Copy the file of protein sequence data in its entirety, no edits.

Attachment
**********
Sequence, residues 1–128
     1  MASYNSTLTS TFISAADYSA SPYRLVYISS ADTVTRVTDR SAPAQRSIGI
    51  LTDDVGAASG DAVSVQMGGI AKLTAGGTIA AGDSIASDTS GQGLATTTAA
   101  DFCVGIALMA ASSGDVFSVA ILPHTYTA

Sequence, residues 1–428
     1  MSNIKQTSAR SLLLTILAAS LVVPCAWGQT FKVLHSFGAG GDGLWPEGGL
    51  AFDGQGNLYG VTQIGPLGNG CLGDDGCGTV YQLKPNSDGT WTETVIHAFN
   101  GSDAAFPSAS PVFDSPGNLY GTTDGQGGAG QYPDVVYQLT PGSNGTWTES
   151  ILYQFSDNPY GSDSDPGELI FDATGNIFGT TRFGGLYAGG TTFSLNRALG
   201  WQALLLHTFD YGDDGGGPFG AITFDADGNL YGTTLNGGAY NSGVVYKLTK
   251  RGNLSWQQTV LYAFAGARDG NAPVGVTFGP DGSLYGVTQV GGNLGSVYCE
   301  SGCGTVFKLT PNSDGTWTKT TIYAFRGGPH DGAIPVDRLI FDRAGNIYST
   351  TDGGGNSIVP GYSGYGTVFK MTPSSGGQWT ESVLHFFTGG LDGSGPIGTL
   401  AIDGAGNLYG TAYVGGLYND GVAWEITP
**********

Sequence, residues 1–128
     1  MASYNSTLTS TFISAADYSA SPYRLVYISS ADTVTRVTDR SAPAQRSIGI
    51  LTDDVGAASG DAVSVQMGGI AKLTAGGTIA AGDSIASDTS GQGLATTTAA
   101  DFCVGIALMA ASSGDVFSVA ILPHTYTA

Sequence, residues 1–428
     1  MSNIKQTSAR SLLLTILAAS LVVPCAWGQT FKVLHSFGAG GDGLWPEGGL
    51  AFDGQGNLYG VTQIGPLGNG CLGDDGCGTV YQLKPNSDGT WTETVIHAFN
   101  GSDAAFPSAS PVFDSPGNLY GTTDGQGGAG QYPDVVYQLT PGSNGTWTES
   151  ILYQFSDNPY GSDSDPGELI FDATGNIFGT TRFGGLYAGG TTFSLNRALG
   201  WQALLLHTFD YGDDGGGPFG AITFDADGNL YGTTLNGGAY NSGVVYKLTK
   251  RGNLSWQQTV LYAFAGARDG NAPVGVTFGP DGSLYGVTQV GGNLGSVYCE
   301  SGCGTVFKLT PNSDGTWTKT TIYAFRGGPH DGAIPVDRLI FDRAGNIYST
   351  TDGGGNSIVP GYSGYGTVFK MTPSSGGQWT ESVLHFFTGG LDGSGPIGTL
   401  AIDGAGNLYG TAYVGGLYND GVAWEITP